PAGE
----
I recently bought a new Nikon D90 DSLR after hearing all the excitement over the new breed of hybrid digital cameras. They have HD video as well as stills capabilities and can take advantage of the great DSLR lenses out there. The main advantage is the ability to get shallow depth of field which has normally been the domain of very expensive video cameras not within reach of the average videographer.
The Nikon D90 is the first of this type of camera and was closely followed by the great Canon 5D Mark II. You can find many examples of the great videos produced by these relatively inexpensive cameras.
So now we have the ability to create masterpieces and watch them on our computers and HD TVs, but what about internet distribution? How do we best share our creations?
Obviously YouTube is the most popular video hosting site on the internet so we will probably want to start there.
After doing some searching, I couldn’t come up with conclusive answers regarding the best format for uploading to YouTube to get great looking results. Most suggestions were just to upload the best quality file that you can. Although this would work, why spend hours uploading huge files if we can save time by uploading smaller files with similar results.
My test started with uploading the file my camera produced without any conversion, straight to YouTube. The Nikon D90 produces an AVI file at 1280X720 resolution 24 frames/sec and about 22000 kbits/sec. To my surprise once uploaded to YouTube, I could play it in “normal quality” or “high quality” only. Where was the crisp HD version I was hoping for?
Obviously this needed some further investigation as the original file from my camera definitely had enough detail to be HD worthy. So I opened the clip up in Quicktime Pro and saved it as a H.264 MP4 file in the original 1280X720 resolution and at 24 frames/sec. I started at 500kbits/sec which rendered a very poor quality result on my screen even before uploading, and went up to 20,000 kbits/sec which is about the same bandwidth as the original AVI file.
Here is where I set the export options in Quicktime Pro.
The idea was to load all these up to YouTube and discover what is needed to enable High Quality mode then what to enable HD. After that I wanted to see if there was a noticeable improvement all the way up to 20,000 kbits/sec. There is no point uploading these massive files if a file half the size would produce similar results, right?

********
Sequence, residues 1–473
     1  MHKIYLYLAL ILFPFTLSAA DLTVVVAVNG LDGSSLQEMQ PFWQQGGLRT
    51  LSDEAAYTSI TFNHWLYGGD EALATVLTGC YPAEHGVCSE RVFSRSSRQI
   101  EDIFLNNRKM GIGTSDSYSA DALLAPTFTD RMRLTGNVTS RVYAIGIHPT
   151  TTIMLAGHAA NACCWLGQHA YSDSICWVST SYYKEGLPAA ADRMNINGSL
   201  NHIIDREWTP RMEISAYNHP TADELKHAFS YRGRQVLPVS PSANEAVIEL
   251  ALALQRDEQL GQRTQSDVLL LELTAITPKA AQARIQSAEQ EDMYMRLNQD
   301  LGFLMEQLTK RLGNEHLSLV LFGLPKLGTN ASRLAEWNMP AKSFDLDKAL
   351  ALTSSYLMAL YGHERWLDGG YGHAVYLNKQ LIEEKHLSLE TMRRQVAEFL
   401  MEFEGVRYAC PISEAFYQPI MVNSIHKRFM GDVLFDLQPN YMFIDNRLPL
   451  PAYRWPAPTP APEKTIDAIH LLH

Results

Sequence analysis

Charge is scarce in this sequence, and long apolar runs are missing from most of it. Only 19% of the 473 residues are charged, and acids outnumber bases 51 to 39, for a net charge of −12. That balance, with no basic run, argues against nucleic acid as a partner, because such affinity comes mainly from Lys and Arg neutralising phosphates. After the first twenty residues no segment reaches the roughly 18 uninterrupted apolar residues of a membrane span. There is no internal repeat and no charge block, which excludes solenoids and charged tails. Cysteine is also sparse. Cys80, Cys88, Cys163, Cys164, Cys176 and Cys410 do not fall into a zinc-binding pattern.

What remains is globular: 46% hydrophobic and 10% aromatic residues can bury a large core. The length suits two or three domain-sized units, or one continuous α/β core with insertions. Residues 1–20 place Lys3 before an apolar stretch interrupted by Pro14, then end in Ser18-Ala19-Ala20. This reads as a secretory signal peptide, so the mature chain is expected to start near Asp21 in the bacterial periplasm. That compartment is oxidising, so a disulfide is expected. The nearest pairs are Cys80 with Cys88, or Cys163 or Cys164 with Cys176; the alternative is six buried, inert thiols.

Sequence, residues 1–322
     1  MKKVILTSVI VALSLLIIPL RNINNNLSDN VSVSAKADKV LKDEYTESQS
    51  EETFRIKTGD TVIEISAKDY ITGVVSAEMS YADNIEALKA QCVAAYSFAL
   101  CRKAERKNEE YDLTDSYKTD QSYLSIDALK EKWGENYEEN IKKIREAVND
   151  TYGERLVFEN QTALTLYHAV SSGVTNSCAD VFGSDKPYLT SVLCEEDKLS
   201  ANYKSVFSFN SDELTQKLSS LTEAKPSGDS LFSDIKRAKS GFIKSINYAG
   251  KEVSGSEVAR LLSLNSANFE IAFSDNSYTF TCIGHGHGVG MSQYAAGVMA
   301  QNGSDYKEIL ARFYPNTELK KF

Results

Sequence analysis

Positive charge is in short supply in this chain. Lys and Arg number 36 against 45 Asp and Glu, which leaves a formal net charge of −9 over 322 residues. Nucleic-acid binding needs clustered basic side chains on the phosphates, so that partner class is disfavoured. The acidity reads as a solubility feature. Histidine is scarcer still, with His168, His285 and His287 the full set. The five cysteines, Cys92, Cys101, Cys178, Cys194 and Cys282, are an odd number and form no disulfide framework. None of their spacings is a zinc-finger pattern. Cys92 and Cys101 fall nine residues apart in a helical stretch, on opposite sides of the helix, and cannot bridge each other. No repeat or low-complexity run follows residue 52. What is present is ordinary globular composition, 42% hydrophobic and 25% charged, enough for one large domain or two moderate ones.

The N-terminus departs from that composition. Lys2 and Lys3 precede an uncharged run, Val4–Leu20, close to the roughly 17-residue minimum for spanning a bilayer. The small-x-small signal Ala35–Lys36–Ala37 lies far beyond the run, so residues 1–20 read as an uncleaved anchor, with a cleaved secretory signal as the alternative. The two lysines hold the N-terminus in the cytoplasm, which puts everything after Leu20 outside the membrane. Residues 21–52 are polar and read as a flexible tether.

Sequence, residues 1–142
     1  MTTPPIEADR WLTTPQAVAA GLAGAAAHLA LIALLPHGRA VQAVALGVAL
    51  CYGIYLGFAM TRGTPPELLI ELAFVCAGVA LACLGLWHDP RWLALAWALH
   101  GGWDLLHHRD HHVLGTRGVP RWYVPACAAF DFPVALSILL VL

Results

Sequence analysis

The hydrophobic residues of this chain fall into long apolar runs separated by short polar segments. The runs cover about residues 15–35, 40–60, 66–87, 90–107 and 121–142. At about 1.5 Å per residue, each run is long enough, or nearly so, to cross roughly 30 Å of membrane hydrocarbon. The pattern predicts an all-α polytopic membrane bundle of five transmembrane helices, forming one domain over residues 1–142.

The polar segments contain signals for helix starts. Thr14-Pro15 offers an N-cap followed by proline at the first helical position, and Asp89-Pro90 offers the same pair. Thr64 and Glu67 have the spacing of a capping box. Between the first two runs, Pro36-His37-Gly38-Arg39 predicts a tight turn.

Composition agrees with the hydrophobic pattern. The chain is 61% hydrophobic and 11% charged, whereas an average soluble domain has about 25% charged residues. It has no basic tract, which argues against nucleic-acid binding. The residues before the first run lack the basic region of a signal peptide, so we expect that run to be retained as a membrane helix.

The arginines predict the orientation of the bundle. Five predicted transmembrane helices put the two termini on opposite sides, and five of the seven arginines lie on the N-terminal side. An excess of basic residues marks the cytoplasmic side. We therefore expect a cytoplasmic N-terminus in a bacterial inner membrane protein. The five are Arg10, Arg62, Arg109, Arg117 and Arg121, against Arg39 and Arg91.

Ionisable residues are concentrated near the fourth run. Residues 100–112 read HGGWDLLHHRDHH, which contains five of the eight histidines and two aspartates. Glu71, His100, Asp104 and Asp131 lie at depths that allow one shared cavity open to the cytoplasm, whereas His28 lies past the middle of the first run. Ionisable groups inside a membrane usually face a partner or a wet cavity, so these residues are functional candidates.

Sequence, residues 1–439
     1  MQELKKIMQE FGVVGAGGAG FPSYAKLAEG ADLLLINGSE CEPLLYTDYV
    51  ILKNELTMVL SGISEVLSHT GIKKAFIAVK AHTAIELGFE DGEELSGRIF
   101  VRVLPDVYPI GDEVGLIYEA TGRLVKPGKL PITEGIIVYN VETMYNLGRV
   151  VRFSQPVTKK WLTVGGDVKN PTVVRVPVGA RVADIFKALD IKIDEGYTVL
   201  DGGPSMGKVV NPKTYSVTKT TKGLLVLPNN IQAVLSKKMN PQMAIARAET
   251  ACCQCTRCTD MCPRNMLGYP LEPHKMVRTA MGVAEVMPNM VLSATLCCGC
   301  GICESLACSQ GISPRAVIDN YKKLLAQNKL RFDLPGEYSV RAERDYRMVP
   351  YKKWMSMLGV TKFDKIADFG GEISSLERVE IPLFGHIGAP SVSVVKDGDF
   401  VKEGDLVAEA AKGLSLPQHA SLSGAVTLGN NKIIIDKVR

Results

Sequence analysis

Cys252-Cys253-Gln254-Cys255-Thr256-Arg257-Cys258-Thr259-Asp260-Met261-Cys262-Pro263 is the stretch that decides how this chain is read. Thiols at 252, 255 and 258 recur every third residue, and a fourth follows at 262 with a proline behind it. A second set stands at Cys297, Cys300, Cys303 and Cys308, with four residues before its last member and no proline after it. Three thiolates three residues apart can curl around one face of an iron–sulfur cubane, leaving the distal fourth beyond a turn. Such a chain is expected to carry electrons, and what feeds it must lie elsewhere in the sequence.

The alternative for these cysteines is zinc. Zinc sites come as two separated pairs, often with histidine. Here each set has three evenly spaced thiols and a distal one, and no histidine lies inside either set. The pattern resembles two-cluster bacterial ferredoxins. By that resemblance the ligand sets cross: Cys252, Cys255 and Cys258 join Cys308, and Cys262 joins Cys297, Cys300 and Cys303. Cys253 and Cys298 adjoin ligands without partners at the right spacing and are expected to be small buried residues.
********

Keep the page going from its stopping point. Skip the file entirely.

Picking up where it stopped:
So here are the results and a few observations.
Note the embedded videos below are in normal quality. You need to click through to YouTube (double click) to see the High Quality or HD option. Although you can embed the High Quality versions in a web page. you would not be shown the version you were watching that way.
This is the original AVI file, uploaded without alteration. You will notice YouTube only gives us the option to play this in High Quality mode even though the original file is good enough to be played in HD
After converting the video to H.264 MP4 at 500 kbits/sec you can see the quality is very poor even played in normal mode, you do however have the option to play in High Quality mode which would be pointless. Some testing a while ago showed that video uploaded at a minimum of 480X360 resolution will get the High Quality option.
At 800 kbits/sec the High Quality mode is still the only option but now we can see an improvement between normal and High Quality.
At 1000 kbits/sec we now get HD! The quality is a lot nicer than the normal mode and the player is a lot bigger, now showing us the original 1280X720 resolution. it seems 1280X720 at 1000 kbits/sec is the absolute minimum to enable HD mode. I did try an upload at 900 kbits/sec but was only presented with the inferior High Quality mode in the smaller player.
and finally 20000 kbits/sec
So in summary, for HD we want 1280X720 at 1000 kbits/sec minimum but do you see improvements right up to 20,000kbits/sec?
Let me know your thoughts…
4 replies on “YouTube High Quality and HD Test”
I think I might see an improvement from 1Mbps to 2 Mbps, but after that I can't tell.
Nice to know about the 1Mbps threshold for HD. Thanks for the tests.
Excellent information! Thanks for posting all this!
Great info, the comparisons are really helpful even for the digital camera ignorants like me.
omg thank you so much! similar situation, and i was searching for quite a long time for someone who could discover how to 'unlock' the secret on how to actually get youtube to recognize the HD option when uploading a video.